In the visualization of Africa’s labor landscape, the contrast in female labor force participation is stark. Countries like Niger and Central African Republic show participation rates of 39.02% and 60.29% respectively, indicating a significant portion of women contributing to their economies. Yet, this is only a fragment of the picture. The proportion of wage and salaried workers offers another perspective on job security and equity in compensation. South Africa leads with 84.52%, hinting at a more structured and possibly equitable job market. However, in countries like Algeria, with a lower 16.51% female participation rate and a wage and salaried workers percentage of 68.61%, there’s an implied gap in decent work availability and fair pay, particularly for women. These numbers are not just data; they are indicators of the progress and challenges in achieving decent work and equal pay across the continent.

Youth Employment and Education

In Africa, the pursuit of Youth Employment and Education target confronts a complex tapestry of opportunity and challenge. As nations strive to significantly reduce the proportion of youth not engaged in employment, education, or training, the interplay between advancing educational attainments and the evolving job market becomes crucial to shaping the future workforce.

The juxtaposition of tertiary school enrollment against youth employment rates in African countries may reflect systemic challenges in aligning educational outputs with labor market demands. High enrollment numbers, such as those in Algeria and Tunisia, do not necessarily translate into employment, which could indicate a surplus of graduates with skills that do not meet the needs of the current job market or possibly a lack of job creation. On the other hand, countries like Ethiopia and Mali show high youth employment rates despite lower tertiary enrollment, which may suggest that young adults are entering the workforce earlier, possibly due to economic necessity or the availability of jobs that don’t require higher education. This scenario raises concerns about the quality of employment and whether these jobs can offer long-term stability and growth, which are crucial for sustainable economic development and poverty reduction.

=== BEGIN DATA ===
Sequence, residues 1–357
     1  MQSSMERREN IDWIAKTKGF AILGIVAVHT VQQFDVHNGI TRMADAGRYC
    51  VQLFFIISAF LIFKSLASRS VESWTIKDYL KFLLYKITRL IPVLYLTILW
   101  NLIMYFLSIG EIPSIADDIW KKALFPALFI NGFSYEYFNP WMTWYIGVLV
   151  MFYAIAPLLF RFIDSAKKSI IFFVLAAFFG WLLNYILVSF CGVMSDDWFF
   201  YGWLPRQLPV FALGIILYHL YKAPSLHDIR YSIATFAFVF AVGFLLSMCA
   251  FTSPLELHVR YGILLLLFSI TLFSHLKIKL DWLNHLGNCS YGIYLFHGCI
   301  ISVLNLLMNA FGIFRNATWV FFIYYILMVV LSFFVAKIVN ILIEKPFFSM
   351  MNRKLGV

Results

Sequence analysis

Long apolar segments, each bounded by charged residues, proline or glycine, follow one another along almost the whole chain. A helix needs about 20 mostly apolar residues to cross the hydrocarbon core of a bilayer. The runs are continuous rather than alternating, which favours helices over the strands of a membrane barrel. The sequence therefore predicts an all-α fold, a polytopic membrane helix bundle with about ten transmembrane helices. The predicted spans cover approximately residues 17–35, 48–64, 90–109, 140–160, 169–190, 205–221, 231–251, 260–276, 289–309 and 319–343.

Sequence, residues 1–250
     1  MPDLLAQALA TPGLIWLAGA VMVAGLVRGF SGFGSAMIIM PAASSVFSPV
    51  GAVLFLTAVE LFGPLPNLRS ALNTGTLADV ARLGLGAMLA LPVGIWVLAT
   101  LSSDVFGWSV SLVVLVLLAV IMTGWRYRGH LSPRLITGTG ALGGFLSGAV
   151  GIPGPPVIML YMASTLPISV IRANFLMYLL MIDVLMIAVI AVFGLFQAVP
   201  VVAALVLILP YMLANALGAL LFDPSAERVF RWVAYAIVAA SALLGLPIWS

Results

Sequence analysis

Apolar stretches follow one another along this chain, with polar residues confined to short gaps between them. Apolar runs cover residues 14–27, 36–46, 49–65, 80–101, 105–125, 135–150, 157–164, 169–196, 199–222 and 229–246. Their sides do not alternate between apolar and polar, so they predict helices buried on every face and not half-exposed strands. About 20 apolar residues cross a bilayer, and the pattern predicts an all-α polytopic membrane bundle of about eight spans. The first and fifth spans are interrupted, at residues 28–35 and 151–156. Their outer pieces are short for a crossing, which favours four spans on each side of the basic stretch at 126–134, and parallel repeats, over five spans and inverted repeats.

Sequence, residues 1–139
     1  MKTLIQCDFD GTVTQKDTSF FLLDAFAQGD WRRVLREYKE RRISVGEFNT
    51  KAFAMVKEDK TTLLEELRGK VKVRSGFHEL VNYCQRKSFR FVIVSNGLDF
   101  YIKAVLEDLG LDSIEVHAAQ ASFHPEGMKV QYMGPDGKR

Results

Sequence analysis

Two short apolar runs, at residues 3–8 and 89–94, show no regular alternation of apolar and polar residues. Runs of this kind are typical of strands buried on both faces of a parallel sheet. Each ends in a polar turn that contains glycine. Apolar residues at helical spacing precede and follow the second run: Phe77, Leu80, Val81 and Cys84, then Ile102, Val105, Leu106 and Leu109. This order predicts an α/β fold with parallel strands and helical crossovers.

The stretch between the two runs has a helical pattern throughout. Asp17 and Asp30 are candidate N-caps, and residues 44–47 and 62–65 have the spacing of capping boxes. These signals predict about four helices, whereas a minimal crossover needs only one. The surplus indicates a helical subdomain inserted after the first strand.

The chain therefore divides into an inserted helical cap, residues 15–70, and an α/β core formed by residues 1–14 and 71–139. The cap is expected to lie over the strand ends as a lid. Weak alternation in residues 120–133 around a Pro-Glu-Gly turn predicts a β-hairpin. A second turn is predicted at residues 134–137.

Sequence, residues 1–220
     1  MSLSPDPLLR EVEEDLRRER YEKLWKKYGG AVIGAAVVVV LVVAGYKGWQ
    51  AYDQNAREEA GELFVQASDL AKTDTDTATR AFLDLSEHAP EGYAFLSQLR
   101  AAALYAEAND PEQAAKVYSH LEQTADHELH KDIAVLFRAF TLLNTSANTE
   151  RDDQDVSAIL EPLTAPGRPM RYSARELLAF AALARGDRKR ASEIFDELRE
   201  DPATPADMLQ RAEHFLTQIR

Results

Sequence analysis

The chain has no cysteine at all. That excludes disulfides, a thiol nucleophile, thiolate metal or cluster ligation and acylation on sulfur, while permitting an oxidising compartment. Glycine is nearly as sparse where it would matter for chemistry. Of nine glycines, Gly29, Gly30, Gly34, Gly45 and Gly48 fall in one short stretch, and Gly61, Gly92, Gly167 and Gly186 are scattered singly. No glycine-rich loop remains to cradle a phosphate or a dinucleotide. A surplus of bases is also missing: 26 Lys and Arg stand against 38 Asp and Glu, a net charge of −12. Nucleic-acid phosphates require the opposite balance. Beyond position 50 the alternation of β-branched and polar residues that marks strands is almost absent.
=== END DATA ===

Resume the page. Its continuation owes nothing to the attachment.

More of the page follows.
Economic Productivity and Employment Growth

Economic Productivity and Employment Growth in Africa stands at a critical juncture. The region’s future hinges on its ability to diversify, innovate, and enhance technological capabilities to foster a labor market that is both vibrant and inclusive.

The visual contrasts GDP growth with employment-to-population ratios across various African nations, highlighting economic dynamism juxtaposed with labor market realities. Notably, countries like Egypt and Chad show significant GDP growth, yet this does not directly correlate with high employment ratios, underscoring the complex relationship between economic expansion and job creation. Conversely, Mozambique’s lower GDP growth accompanies the highest employment ratio, suggesting that economic growth rates may not always predict employment health. This dichotomy reveals the nuances of economic development and labor markets, indicating that growth does not automatically translate into widespread employment opportunities, a critical consideration for policy interventions.


The intricate balance between ensuring decent work and guaranteeing equal pay in Africa is a vivid reflection of the broader global struggle for economic equality and labor rights. Despite advancements in some areas, the disparity in female workforce participation and the varying percentages of wage and salaried workers across the continent underscore the ongoing challenges. This complexity necessitates a nuanced, multifaceted approach to policy-making that prioritizes both the creation of quality jobs and the assurance of fair compensation, particularly for underrepresented groups such as women. Only through such targeted strategies can sustainable economic and social progress be achieved.